Las Vegas Sun

September 25, 2021

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Fentanyl contributes to a rising death toll in Southern Nevada

Angelo Calabrese

Wade Vandervort

Recovered heroin addict Angelo Calabrese holds his sponsor Paul Vautrinot’s baby daughter Keira Vautrinot, Tuesday, July 28, 2020.

Angelo Calabrese

Recovered heroin addict Angelo Calabrese holds his sponsor Paul Vautrinot's baby daughter Keira Vautrinot, Tuesday, July 28, 2020. Launch slideshow »

Angelo Calabrese injured his back when he was 18 and heading to college on a football scholarship. 

He was prescribed pain pills for the injury. The comfort and relief from the medication was addicting.  

“When I got introduced to opiates, it was like a warm blanket,” he said.   

Calabrese said he borrowed and stole money to fuel the addiction, doing anything to get OxyContin, Vicodin, heroin and fentanyl — a powerful synthetic opioid 50 to 100 times more potent than morphine. 

Fentanyl deaths are on the rise. With the year about halfway through, 63 people in Clark County have died of fentanyl, or one less death than in all of 2019. In 2018, there were just 46 deaths. 

In 2019, an estimated 69,029 people died of a drug overdose in the United States. Roughly 7 out of 10 of these overdose deaths were due to opioids. Nearly half of all overdose deaths, or 47%, were due to fentanyl or other synthetic opioids besides methadone, according to Centers for Disease Control statistics.  

Calabrese, who has twice overdosed, knows he’s fortunate to be alive. 

“The mentality on the streets is, if you know someone who overdosed on heroin, ‘I want to go and try to find that heroin because that’s the good (stuff).’ The way that your mind works when you’re in the grips is pretty insane,” he said.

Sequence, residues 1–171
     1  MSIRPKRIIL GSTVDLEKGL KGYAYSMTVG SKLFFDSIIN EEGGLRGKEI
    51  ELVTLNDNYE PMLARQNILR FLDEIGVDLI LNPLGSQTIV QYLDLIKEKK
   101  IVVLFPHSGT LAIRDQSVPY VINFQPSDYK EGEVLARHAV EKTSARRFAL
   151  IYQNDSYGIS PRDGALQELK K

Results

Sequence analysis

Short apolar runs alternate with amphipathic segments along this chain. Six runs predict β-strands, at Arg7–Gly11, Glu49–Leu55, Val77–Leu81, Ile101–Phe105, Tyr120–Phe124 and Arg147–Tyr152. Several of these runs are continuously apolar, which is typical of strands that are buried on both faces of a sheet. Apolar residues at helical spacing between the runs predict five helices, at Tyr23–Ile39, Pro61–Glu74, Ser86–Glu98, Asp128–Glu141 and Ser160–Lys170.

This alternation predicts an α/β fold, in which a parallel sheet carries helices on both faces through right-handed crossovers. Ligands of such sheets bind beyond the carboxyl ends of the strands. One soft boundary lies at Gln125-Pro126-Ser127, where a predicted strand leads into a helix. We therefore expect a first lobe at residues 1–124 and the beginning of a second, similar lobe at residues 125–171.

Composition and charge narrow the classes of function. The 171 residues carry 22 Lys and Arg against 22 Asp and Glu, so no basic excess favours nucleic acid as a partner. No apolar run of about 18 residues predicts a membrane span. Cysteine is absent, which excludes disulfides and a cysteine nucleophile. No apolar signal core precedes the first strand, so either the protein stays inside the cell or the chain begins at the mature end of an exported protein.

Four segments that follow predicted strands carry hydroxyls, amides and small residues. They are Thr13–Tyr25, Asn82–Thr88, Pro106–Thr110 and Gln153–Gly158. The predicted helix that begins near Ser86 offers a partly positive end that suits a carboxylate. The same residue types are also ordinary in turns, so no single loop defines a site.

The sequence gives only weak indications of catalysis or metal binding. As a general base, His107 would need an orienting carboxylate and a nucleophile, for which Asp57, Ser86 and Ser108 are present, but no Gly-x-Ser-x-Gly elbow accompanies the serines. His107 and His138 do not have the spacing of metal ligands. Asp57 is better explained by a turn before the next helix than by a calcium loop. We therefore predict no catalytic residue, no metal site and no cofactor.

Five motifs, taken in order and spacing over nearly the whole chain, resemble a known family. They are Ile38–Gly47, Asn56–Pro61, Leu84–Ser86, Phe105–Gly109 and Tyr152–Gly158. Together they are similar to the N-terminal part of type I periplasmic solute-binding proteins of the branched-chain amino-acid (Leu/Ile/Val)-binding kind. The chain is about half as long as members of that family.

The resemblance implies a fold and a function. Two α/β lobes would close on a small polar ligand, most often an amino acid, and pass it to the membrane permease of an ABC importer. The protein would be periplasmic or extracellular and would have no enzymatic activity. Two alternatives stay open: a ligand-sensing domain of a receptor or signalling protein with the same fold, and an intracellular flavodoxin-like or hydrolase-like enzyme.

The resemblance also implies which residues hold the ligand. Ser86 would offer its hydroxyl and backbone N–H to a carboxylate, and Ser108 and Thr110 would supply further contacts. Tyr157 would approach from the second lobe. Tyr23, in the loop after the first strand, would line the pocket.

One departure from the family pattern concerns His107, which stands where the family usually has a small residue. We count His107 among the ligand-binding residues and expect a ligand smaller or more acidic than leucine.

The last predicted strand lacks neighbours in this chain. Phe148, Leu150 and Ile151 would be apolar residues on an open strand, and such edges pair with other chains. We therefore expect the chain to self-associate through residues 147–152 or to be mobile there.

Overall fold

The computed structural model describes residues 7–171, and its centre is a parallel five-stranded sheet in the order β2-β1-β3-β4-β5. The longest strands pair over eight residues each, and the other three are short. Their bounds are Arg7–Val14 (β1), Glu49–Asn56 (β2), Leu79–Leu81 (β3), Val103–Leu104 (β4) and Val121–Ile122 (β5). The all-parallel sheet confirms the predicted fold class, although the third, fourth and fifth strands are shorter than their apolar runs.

Fentanyl is absorbed through the skin as a patch but can also come in powder form. Powder fentanyl is often mixed into other substances, such as heroin. 

Southern Nevada Health District senior epidemiologist Kathryn Barker said illegally made fentanyl mixed with other drugs is the cause of many overdoses.  

“They may think they’re taking an Oxycodone or Xanax that they bought on the street, but it actually had fentanyl in it,” Barker said. “We want people to know that even if they’re not seeking out fentanyl, it could be in drugs that they’re using.” 

There has been an increase in clients at the Center for Behavioral Health who have tested positive for opioids unknowingly, said Krista Hales, director of the group’s Integrated Opioid Treatment Recovery Center. Those users have admitted to taking drugs such as meth, which suggests they were laced with fentanyl. 

“We’re not seeing pure substance use anymore. We’re even seeing things like marijuana and cocaine and methamphetamine laced with fentanyl,” Hales said.   

Christina Madison, associate professor of pharmacy at Roseman University of Health Sciences, said fentanyl overdoses are likely caused by laced drugs and not those prescribed legally. Changes to state guidelines for writing prescriptions for controlled substances require physicians to provide patient education on the addictive nature of opioids before writing a prescription, she said. 

The Center for Behavioral Health has expanded medication-assisted treatments in response to increased use of fentanyl in clients. The recovery center provides all three FDA-approved medication-assisted treatments — methadone, buprenorphine and vivitrol — in oral, injectable and implanted forms.    

The goal is for addicts to stabilize without medication, but not everyone can stop immediately instead of gradually tapering off, Hales said. Many clients with addictions have jobs and are the primary financial supporters of their families.  

“We understand that realistically not everyone can cut cold turkey,” she said.   

Calabrese said he’s been sober for five years and now has a 3-year-old son. “To be able to get out of my own way and let God steer the ship is pretty powerful,” he said.    

If you need help with addition, call the Substance Abuse and Mental Health Services Administration’s national hotline at 1-800-662-HELP (4357). The Health District offers free naloxone at its pharmacy located at 280 S. Decatur Blvd.